He waited until the last minute to make a purchase that would keep his account in good standing and prevent his points from expiring. However, the company claims the clock ran out for Gillette and his points. But did it?
When CheapOair misspells the name on Jessica Vogol’s airline ticket, she tries to fix it. Is it too late to make a correction — and will she have to buy a new one?
Patricia Honeycutt buys a ticket to fly between two cities in Argentina, but because of a LATAM Airlines ticketing error, she’s out an extra $200. Can our advocates help her get a refund?
Susan Parelman was enjoying a cruise vacation on Royal Caribbean’s Harmony of the Seas when she disembarked in Cozumel, Mexico to do some shopping. Unfortunately, she felt she was “ripped off” at a jewelry store that she claimed was vetted by the cruise line and now she wants a refund.
It was a simple request. My wife asked me to pick up tickets to “Annie” at the Walnut Street Theatre in Philadelphia if the “price was right.” So, during a free moment at work, I pulled out my smartphone and opened the StubHub app, where I usually can find a decent price for tickets being sold on the secondary market (from someone who was reselling tickets they already had purchased), and I browsed around the theatre.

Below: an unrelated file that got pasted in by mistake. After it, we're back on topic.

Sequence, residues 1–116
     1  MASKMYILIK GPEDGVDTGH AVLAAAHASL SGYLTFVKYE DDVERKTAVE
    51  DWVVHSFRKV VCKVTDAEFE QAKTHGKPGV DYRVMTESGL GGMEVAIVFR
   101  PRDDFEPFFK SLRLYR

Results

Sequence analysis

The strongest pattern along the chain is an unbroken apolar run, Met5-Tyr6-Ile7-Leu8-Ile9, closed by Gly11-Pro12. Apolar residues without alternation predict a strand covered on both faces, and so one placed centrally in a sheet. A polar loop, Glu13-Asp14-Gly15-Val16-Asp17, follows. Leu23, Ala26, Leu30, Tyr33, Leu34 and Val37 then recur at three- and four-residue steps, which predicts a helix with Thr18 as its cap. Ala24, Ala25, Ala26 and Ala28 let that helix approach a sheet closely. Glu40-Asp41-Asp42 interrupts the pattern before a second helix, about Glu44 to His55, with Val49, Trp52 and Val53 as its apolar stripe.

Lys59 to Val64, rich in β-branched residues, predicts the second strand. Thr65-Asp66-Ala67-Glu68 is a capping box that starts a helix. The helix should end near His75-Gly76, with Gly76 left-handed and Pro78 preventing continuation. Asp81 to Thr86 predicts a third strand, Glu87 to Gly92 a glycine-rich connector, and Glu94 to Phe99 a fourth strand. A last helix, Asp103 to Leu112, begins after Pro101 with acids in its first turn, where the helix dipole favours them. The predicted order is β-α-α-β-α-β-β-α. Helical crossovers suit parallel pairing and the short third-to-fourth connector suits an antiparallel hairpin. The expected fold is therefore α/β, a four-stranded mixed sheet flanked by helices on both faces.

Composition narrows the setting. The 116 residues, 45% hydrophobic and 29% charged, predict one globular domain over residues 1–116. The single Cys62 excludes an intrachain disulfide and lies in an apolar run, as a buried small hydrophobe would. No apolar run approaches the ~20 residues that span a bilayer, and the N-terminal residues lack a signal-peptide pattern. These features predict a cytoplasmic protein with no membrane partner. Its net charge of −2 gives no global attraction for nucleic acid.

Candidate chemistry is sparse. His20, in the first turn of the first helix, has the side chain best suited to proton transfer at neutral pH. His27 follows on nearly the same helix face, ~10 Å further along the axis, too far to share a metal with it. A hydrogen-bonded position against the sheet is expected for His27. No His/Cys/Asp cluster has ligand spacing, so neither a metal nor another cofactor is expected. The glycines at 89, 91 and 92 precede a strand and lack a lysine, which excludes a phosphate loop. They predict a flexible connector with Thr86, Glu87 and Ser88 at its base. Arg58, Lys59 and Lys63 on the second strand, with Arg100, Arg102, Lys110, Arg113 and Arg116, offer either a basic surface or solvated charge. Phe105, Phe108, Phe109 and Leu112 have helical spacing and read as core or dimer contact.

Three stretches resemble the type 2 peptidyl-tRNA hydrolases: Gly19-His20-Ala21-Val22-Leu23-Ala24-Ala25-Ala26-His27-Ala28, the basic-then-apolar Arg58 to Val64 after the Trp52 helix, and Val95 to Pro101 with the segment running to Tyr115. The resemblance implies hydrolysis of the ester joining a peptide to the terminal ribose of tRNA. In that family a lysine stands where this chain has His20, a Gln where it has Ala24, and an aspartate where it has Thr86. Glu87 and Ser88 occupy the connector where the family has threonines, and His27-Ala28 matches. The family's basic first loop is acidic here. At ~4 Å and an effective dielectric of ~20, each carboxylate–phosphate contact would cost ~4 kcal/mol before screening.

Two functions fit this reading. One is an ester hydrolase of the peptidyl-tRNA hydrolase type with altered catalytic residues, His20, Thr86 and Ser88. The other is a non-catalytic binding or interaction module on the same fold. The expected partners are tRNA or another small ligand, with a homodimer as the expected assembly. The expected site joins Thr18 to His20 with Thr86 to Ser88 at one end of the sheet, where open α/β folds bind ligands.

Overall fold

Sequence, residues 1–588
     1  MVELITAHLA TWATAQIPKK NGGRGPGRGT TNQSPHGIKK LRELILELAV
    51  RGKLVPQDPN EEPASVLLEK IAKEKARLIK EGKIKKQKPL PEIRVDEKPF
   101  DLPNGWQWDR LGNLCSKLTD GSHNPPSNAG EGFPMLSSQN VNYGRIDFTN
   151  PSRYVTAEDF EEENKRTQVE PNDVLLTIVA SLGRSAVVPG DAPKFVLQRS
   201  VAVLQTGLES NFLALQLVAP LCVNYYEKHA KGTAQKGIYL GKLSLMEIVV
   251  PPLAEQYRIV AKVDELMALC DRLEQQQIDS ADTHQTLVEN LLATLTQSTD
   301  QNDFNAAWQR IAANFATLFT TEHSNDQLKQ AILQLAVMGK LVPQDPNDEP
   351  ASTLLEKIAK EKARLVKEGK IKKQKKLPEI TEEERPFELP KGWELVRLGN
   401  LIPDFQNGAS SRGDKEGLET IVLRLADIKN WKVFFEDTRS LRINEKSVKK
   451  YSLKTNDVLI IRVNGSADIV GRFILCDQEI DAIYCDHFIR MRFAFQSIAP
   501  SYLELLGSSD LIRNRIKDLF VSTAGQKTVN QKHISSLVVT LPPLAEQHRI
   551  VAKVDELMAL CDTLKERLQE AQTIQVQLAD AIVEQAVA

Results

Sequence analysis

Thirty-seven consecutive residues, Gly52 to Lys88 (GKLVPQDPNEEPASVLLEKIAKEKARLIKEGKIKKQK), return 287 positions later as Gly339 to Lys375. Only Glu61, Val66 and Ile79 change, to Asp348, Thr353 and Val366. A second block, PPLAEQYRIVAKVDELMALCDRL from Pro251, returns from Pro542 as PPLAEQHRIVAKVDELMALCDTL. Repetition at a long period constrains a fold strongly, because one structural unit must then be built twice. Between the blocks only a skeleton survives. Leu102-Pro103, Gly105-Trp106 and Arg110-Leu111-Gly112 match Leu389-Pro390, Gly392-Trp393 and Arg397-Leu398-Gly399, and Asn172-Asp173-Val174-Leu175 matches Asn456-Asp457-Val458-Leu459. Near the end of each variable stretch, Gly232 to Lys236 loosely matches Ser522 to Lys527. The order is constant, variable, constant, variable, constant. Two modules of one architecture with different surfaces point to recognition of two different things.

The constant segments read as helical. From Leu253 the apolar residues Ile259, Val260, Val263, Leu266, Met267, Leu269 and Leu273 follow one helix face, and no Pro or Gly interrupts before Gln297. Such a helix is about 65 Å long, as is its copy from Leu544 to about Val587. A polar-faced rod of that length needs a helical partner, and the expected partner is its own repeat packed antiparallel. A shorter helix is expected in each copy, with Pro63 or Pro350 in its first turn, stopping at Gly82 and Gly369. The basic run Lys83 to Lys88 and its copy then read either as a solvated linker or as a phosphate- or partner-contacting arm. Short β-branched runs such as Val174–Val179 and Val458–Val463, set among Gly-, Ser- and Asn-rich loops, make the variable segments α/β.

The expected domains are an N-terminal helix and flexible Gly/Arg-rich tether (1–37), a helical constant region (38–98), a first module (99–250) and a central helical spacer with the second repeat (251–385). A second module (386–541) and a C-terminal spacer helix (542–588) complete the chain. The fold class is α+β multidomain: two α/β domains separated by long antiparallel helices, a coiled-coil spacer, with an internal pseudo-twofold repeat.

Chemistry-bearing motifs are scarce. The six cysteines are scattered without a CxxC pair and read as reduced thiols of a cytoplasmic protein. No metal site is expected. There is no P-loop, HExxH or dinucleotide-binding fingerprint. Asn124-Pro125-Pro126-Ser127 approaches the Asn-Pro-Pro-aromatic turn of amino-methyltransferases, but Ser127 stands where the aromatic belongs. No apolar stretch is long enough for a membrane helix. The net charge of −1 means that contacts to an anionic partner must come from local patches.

Diane Barnes was excited about her first vacation in eight years, and it was a big one — a two-week stay at a Kamaole Sands Condo on Maui. Barnes, unfortunately, suffers from multiple sclerosis, so she required a room with central air conditioning in the unit.
Another misfortune beset Barnes when she misinterpreted the details of the listing on Expedia, which stated that the condo included both air conditioning and ceiling fans.
Hurricane Irma ruined Mary Zeoli’s recent travel plans in Myrtle Beach, S.C. Good thing she insured her trip, right?